K Narayanan, a 79 year-old former journalist with the Hindu, moved with his wife from Chennai to Brindavan Palm Grove, a retirement home for senior citizens in Coimbatore in 2009. "People have wrong notions about retirement homes -- that you are cooped up in rooms, you have to line up for meals.Those who come visiting us are always pleasantly surprised," says Narayanan, whose retirement home overlooks the picturesque Nilgiri Hills.
While Narayanan spends his time reading, surfing the Internet, and catching up with neighbours, who live in the 84 cottages around his, the founders of this retirement home have also set up two more complexes -- Brindavan Paradise and Brindavan Hill View. All the cottages across the three units are leased out for a period of 20 years, with residents paying a monthly rental of approximately Rs 7,000, apart from a security deposit.
Founder of Brindavan R Madhavan, says, "Coimbatore has a large population of seniors. Children were moving out, and the parents were left lonely. That's when we decided to set up our first property, Hill View."
Hill View was set up in 2005, and business got so good that Palm Grove came up three years later, and Paradise in 2010. In two years, Madhavan plans to start work on yet another complex.
In 2010, Jones Lang LaSalle, a realty advisory firm in India, released a study highlighting trends in the Indian real estate market. According to the report, one of the biggest trends to have emerged was the construction of homes for senior citizens. Saumyajit Roy, who works with Jones Lang LaSalle as Head, Social Infrastructure Practice, says, "Five years ago, a few housing projects for senior citizens were seen. It's now emerging as a major market. Top builders have begun targeting this section."
According to Roy, this is just the tip of the iceberg, as fancier complexes with state-of-the-art facilities will be offered. "Many still believe that building a housing complex for seniors is not profitable. They fear they will have to provide these apartments below market price," he says. "But they can actually fetch a premium, Why will a resident in his 50s, all set to retire in another 10 years, opt for a basic house? If there is a top-class option with great facilities within the city's precincts, he will go for it," reasons Roy.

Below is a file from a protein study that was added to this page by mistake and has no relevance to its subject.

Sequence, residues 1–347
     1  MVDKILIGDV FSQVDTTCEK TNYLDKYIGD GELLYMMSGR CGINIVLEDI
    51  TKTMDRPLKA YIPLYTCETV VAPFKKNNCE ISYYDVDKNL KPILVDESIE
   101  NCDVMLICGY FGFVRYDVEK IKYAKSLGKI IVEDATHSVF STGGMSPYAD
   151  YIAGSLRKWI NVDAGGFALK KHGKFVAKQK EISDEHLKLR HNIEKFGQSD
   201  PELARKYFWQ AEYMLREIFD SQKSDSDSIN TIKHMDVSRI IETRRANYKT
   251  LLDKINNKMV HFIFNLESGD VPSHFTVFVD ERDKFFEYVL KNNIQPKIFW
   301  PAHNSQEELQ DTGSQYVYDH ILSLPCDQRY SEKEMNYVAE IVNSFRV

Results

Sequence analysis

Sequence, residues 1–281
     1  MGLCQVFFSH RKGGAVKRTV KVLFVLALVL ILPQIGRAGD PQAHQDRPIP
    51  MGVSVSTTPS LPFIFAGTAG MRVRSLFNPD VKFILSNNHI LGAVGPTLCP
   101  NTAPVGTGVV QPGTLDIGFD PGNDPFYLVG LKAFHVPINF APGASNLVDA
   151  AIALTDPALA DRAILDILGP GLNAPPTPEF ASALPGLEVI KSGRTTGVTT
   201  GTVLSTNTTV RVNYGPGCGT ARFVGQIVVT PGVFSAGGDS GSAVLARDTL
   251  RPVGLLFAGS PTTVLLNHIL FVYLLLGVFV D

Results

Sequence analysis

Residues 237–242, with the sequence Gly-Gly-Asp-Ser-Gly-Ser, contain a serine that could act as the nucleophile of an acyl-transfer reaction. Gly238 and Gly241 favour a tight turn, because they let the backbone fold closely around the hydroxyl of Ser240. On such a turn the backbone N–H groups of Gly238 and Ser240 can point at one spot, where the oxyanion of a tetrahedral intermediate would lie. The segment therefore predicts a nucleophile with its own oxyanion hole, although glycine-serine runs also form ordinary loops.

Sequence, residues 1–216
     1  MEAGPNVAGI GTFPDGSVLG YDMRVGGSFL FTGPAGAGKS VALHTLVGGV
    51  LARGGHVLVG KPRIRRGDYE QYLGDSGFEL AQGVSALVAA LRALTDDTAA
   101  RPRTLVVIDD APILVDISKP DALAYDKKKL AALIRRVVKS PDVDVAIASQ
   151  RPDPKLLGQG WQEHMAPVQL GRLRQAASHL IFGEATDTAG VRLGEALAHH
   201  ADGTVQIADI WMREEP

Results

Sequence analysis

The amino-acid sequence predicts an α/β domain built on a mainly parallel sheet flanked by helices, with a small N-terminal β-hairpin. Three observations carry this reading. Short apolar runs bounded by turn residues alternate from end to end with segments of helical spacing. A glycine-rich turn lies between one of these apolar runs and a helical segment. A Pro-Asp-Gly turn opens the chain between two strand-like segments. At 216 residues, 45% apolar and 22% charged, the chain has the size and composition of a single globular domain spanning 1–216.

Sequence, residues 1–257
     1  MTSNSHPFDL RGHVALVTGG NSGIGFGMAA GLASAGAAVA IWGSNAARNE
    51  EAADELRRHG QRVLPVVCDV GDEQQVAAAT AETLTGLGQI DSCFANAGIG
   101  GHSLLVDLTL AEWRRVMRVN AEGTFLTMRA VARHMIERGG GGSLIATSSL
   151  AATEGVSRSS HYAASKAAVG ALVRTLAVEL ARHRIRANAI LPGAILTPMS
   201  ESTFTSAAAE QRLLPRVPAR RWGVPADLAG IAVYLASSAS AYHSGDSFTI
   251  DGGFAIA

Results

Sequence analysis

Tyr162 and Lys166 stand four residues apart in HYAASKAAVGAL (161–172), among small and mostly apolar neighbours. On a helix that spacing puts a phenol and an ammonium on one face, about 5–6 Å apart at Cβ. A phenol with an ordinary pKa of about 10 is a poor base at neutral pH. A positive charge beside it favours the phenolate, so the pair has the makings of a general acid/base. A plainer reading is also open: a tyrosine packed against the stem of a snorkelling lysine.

Little wonder then that even Life Insurance Corporation of India (LIC) has jumped into the fray. In 2006, they launched their pilot project, LIC Care Homes, a 98-cottage housing society in Bengaluru. All cottages ranging from Rs 11 lakh to Rs 22 lakh have been sold. And another project is on its way to completion in Bhubaneshwar, while more are set to come up in Kolkata, Hyderabad, Jaipur and a second in Bengaluru. CR Harsha, Manager of the Bengaluru project, says, "Anyone above the age of 50 can apply for these apartments. And they are free to reside with their families, including young members."
While Prakash N Borgaonkar, director, HelpAge India, welcomes the idea especially at a time when crimes against the elderly are rising, he says, it's not the ideal situation. "Why should they live in a gated community, far away on the margins of society? Why can't those who they cared for, now care for them?"
But TR Amarendra Rao, a 77 year-old resident of Dignity Lifestyle Township, isn't playing the blame game. His wife passed away in 2009, leaving him alone in a one-room home that bears a marble plaque with his name outside.
When we drop by for a visit, he is busy at his desk. He quickly sets aside the task at hand to welcome us. Rao's may be a one room apartment, but this former Indian Oil employee has done it up in contemporary fashion, demarcating a living and bedroom space. While showing us his vast collection of Ganeshas and ancient coins, he says he is happy to be here. To help us relax after a long drive, he cracks a joke. "Both Anna and Manmohan are Gandhians. The problem is, one follows Mahatma Gandhi and the other Sonia Gandhi."
Rao says he keeps himself busy, organising trips for his fellow housemates and turning his room into a watering hole every Saturday, where neighbours drop by for a drink. "Finally, I have begun to see life as peaceful," he says.
As we leave, we are able to glance at the desk he was working on. On it lie stacks of photographs of his late wife, and a magnifying glass beside them.
100 million India's current senior citizen population
324 million Number of elderly by 2040 in india
Rs 25-Rs 45 lakh Price of flat in a senior housing complex in Pune
Rs 7,200 Monthly rent at Senior citizen township in Neral